I am not an expert authority on either of these subjects, I am just another person in history who wants to share my interpretation of both. My interpretations, for lack of a better word, is just that, my view of them. I read some interesting articles that are making their way on FB. One was from Once Upon a Blog, and the other a site called "Intellectual Takeout".
Bill Willingham was quoted, on his graphic series entitled 'Fables', stating that "The thing that I love about it (folklore) is it belongs to everyone, but not in a community. It is not like we get together and decide what we're going to do with it. Our ownership of this, we individually own 100% of it. We're all born rich with this wonderful Treasure."(Once Upon a Blog...http://fairytalenewsblog.blogspot May 14, 2015.)
This is something that I agree with. We are all given a precious commodity when we are born, the tales as told by the people who have come before. And some of the most powerful of these, open to the interpretation of those within the coming generations, is to make them our own, while still protecting this gift for others, that they might enjoy such a gift. I hope that my interpretation of the classics, will help others make their own.
Unfortunately, my excitement for the amazing and inspiring interview with a brilliant authors take on his own work, quickly dissolved when I ran into another article.
One that fired me up, with Zeus' anger. It was an article stating that classical Mythology was too triggering for Columbia Students. (http://reason.com/blog/2015/05/12/trigger-warning-mythology) A student who was a victim of raped called for the professors to be more sensitive when teaching provocative or controversial material such as the Roman Classical Poet Ovid. An instructor teaching it would focus on things like the language and imagery provoked. In the 'rape culture' it is understandable that the subject would be hard; however, I do not agree with the student here. Her reactions are valid, however her call for this no longer to be taught seems ill advised.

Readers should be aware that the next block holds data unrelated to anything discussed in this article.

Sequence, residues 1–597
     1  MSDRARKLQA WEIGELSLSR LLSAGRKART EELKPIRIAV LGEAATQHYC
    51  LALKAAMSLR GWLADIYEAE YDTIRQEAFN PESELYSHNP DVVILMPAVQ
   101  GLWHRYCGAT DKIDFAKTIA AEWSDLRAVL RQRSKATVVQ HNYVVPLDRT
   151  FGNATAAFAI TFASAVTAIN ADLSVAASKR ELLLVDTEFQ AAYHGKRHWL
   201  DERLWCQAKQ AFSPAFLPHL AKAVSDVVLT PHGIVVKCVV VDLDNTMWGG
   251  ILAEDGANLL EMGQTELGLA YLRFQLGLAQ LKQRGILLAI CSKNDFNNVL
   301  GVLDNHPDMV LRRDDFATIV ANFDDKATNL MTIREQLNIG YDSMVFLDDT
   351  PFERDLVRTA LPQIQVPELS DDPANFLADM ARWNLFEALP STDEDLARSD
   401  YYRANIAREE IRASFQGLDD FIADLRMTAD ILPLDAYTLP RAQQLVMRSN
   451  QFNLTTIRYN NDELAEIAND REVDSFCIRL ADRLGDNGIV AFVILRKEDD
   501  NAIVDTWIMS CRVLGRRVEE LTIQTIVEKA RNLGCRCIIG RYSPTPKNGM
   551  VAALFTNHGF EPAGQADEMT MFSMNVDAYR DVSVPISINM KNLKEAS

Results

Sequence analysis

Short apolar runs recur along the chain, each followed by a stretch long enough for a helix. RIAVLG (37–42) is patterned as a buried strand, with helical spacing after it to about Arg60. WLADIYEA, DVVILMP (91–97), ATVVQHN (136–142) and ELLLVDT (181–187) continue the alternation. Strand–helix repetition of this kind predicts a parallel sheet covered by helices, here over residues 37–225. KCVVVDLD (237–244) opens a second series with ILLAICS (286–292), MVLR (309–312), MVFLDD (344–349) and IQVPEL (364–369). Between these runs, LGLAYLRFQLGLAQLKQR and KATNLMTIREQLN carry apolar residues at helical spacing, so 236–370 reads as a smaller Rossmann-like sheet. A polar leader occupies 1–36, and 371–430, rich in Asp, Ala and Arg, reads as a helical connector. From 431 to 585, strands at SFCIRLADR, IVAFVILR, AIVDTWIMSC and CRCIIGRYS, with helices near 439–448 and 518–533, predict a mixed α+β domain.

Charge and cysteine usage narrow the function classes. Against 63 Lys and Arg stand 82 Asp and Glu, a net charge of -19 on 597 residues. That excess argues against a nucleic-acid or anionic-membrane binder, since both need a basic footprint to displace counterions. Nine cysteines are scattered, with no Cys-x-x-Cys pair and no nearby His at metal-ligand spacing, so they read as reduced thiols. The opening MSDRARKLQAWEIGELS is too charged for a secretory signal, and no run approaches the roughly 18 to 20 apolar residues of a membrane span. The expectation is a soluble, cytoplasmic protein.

I would ask that the student read it again, perhaps even take another look at Persephone and Daphne. I think that she might find strength and hidden courage, that could help her with her own situation. Unfortunately our society has learned to fondle the wounded, which is only creating a rather immature society. There are a lot of horrible things out there, classical mythology shines a light on a lot of them. These legends and myths stand the test of time, because they are still relevant, and always will be. A professor who has to teach on eggshells is no professor I want to learn from. I hope that the student gets the helps she needs, and perhaps she will even find it in the unlikeliest of places, like the passages within the Ovid.
I Digress. And as I immerge back into my own book series I take comfort in the knowledge that I have 100% ownership of this wonderful treasure. I am grateful for those who came before and protected it so that I could write my twist on the old tales.
Just something to think about while I transport myself back to Ancient Greece.
K. A. Petentler